At the sight of a sign marking the Continental Divide, we stopped again to snap a pic.  Pointing to a steep embankment, Dana said, “Crawl up there and let me get your pic.” The soil was loose but I made it a little ways and posed while bracing myself on an exposed root from a fallen tree. Once done, I scrambled the rest of the way to the top to find a spot out of view to, ahem, “make water” as my dad calls it.  I returned to the top of the hill and warned Dana and an older woman who’d arrived in my absence to move out of the way, in case this went bad.  Dana hid behind the sign and the woman moved to the side.  Best I can tell, when I began to slip I instinctually reached out and grabbed a boulder that sat loosely in the soil, dislodging it to chase me down the hill.  I was nearly at the bottom when it overtook me, slamming into my right calf, driving my knee and right shoulder into the gravel. Dana, the older lady and her husband all screamed as I fell. I hopped up quickly, dripping blood from multiple places and hoping, praying I’d not done serious damage.  7 hours later, after our continued “start-stop-snap-a-picture” method of travel back into Emigrant, I limped bruised and battered back into our cabin and took inventory of my injuries. Best I could tell I had a mild ankle sprain from hyper-extending my foot when I attempted a “Superman” off the embankment, a torqued and bruised knee, one seriously bruised, scratched and swollen calf along with an assortment of cuts scrapes and scratches from my trip through the gravel. Like I said, “It ain’t a vacation till you get run over by a boulder.”

 

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8 Responses to “Montana, Day 5: It’s Not A Vacation Till…”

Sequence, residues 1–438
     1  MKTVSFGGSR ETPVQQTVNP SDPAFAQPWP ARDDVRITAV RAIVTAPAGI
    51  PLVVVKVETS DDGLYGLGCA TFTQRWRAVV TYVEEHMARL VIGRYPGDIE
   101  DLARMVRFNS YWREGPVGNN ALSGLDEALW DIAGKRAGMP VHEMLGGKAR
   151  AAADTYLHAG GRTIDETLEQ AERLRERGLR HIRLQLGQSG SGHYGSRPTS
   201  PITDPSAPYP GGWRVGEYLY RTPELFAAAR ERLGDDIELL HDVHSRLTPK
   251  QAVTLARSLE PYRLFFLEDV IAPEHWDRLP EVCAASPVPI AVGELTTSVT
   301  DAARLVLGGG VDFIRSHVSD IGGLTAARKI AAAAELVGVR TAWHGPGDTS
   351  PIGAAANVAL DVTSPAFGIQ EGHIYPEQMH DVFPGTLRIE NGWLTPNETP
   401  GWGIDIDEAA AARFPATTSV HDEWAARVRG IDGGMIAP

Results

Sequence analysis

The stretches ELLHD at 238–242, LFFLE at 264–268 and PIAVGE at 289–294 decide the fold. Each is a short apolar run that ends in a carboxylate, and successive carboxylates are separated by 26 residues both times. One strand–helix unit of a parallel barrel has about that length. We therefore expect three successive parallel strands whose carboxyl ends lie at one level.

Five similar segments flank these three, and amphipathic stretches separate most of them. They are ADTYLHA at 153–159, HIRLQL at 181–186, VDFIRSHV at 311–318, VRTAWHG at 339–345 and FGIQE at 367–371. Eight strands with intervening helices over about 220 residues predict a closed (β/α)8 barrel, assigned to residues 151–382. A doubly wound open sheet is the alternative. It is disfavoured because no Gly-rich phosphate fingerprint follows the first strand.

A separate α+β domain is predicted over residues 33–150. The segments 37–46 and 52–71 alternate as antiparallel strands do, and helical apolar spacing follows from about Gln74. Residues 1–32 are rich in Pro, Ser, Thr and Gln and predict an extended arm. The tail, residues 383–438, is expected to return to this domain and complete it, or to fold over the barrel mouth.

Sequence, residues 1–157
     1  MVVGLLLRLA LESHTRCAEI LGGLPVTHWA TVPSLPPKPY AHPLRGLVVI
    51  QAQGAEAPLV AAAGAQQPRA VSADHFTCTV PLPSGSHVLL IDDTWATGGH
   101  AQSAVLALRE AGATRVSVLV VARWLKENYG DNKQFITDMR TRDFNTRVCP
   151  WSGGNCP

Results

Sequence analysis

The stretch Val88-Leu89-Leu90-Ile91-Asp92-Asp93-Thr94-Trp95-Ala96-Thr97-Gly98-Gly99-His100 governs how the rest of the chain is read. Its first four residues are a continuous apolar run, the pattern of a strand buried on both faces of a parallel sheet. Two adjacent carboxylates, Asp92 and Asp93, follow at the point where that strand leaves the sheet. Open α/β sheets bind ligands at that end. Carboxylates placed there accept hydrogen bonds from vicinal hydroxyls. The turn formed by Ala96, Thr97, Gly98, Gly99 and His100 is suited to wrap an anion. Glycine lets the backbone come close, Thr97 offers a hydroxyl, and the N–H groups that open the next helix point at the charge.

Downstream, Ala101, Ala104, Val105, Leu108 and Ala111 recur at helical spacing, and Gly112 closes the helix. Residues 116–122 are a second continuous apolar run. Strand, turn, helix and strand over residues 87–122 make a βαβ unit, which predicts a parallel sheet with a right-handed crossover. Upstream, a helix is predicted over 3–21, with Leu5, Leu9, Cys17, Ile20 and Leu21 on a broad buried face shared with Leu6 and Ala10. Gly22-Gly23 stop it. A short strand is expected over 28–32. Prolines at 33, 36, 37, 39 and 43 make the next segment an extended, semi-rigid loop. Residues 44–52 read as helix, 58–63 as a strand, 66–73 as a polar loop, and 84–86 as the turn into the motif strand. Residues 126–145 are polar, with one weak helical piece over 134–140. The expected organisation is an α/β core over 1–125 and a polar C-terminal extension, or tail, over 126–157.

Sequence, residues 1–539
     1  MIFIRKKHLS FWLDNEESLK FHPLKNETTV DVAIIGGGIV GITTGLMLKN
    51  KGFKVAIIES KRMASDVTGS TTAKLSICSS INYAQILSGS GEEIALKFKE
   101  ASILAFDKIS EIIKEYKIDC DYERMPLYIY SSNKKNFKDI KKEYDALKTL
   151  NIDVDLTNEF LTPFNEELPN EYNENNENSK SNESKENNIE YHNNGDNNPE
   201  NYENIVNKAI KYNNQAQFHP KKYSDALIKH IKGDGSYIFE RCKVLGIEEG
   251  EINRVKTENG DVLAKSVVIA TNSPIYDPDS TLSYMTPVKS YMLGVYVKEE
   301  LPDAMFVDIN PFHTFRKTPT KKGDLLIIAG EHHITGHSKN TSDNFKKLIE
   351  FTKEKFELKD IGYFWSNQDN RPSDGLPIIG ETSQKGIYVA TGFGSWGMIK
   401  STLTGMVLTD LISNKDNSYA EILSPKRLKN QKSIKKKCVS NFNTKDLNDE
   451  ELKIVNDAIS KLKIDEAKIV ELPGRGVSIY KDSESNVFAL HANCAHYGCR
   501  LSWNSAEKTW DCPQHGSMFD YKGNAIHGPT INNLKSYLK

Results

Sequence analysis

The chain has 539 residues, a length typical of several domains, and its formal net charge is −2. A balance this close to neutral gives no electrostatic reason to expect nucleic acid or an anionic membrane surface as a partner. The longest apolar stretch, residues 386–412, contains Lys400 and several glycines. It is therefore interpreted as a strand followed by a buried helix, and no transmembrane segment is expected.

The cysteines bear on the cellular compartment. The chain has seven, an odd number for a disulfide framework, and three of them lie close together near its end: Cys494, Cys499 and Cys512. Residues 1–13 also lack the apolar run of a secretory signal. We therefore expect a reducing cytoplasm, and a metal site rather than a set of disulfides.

• Lucky for us, I take it, the main dining room was very crowded when we visited the Old Faithful Lodge and so we ate at one of the faster food places and it was pretty standard fare.

    Lucky for you that boulder didn’t do more damage. Speedy recovery my friend.

    • Thanks, Frank. And thanks for the reminder to check out your blog. We’ve been so wrapped up in our own woes and travels that I’d forgotten to drop by. I’ll do so posthaste!

  • mel:

    sounds like a typical longley vacay to me! all norman rockwell on the inside and reality on the outside!!! enjoy reality, bolders and all it’s a better story!!!! be safe and watchout for mountain lions, could you even imagine the story that would be!! LOLOLOLOL

    • Unfortunately, I have no argument. I think this time, Dana (and I) would’ve settled for a less interesting story and a little more time in the woods. Dana was scouting for cats, by the way.

  • penny dugan:

    Sorry….. I arrived at Ben and Mel’s about 10:00 PM to hear of your vacation woes! I pray you have fun, but hurry back, I want to see you two!!!

  • Ben B:

    Jeez-o-pete man! The grand loop road crossed the continental divide a dozen times or more! hope you’re ok! We stopped turned around to take a pic the first time we saw the continental divide sign. Then we felt silly when we saw another one. and another one. and another one. Ha ha.
    Felt the same way about Old Faithful. We had a meal at the other hotel (I can’t remember the name of it) and when I remembered it fondly, my wife reminded me it was because it was at the end of one of the longest hikes/days of our trip. She does still take her souvineer coffee mug to work from time to time. lol.
    Also I’d recommend Cowboy BBQ if you’re still in Gardiner. had a great lunch there.
    Keep wandering!